0920, back at the camper, shower, dress, everyone ready. We arrive at the Evangelical Free Church, a mission church in downtown, at 0955. The church is a true log church which had been moved from another location many years before. It reminded me of the one-room schoolhouse on Little House on the Prairie, except with real chairs with arms. We were warmly welcomed and chuckled as there seemed to be no more than four chairs to a row/pew. I've often mused about the family that went to my church growing up. I don't recall how many kids they had, five or six maybe, but we referred to them as the "fill-a-pew family." I now muse that we are the fill-a-pew family. In this case however, we filled a pew and a half. The service was meaningful and enjoyable. Before the sermon the lady seated behind us and with the other half of the family invited the kids to join her in the basement for children's church. I was impressed that a church with no more than 20 or so people would even be prepared to provide ministry to children. At the conclusion of the service the pastor invited everyone to stay for coffee and something to eat. We were especially hooked when he announced that someone had brought Tim Horton's donuts. Tim Horton's is to Canada what Dunkin Donuts is to the U.S. Into the small basement we crammed with nearly everyone. We joined the lady that taught our kids and her husband. In usual fashion it was hard for me to shut up long enough to eat, but the fellowship there among these wonderful Christian people was especially sweet. Near the conclusion of lunch, the lady and husband, John and Naomi Hall, invited us to their home for the afternoon. The Hall's are retired educator's and continue to serve as missionaries both in the Yukon as well as Latin America. The Scripture tells us that sometimes by entertaining strangers we have been with angels. I'm not sure that it works the other way but it felt like the angels were entertaining us. John and Naomi opened their hearts and home to us in a way that made me want to stay much longer than a day. John took Tara, Shayna, and myself out fishing on Watson Lake, where their beautiful home resides. Note picture above. We didn't catch anything then either but the sheer joy of being out on the water in the clean air, well, you just have to experience that for yourself. Meanwhile back at the house, Lori, Marissa, and Kavan, were entertained by Naomi. Our stay with the Hall's was special to be sure (Note the picture with John and Naomi above in front of their beautiful home), and we hope to see them again soon. Thanks again John and Naomi, and blessings to you in your ministry.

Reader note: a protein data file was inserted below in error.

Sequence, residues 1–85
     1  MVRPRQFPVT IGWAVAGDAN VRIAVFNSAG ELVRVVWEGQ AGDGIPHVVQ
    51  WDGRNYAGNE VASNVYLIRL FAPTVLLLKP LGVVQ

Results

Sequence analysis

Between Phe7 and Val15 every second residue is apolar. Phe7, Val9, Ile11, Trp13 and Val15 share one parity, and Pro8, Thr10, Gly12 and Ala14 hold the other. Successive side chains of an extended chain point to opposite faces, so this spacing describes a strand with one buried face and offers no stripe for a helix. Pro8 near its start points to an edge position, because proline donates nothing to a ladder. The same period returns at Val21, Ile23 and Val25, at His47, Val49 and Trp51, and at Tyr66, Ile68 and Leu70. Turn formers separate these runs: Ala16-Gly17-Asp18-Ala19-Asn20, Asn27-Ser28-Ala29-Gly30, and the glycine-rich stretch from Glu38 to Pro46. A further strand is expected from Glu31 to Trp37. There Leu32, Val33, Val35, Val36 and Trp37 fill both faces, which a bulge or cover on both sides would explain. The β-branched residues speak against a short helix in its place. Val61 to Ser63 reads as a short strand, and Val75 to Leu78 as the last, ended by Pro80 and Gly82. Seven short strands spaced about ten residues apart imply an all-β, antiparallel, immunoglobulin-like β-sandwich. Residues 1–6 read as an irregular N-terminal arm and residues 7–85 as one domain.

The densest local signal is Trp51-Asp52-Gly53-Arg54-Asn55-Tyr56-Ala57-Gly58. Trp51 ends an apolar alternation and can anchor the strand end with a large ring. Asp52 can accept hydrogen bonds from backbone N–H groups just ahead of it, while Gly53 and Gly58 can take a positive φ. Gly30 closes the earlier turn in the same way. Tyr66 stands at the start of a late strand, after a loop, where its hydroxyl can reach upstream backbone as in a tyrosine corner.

Back at the camper, the party crowd has gone leaving their wood to be scavenged so that we enjoy a campfire, our first along the trip by the way particularly as British Columbia had a burn ban in effect. Mommy and I sit by the fire reflecting on the day and the reality that we are barely a 1,000 miles from our soon to be new home.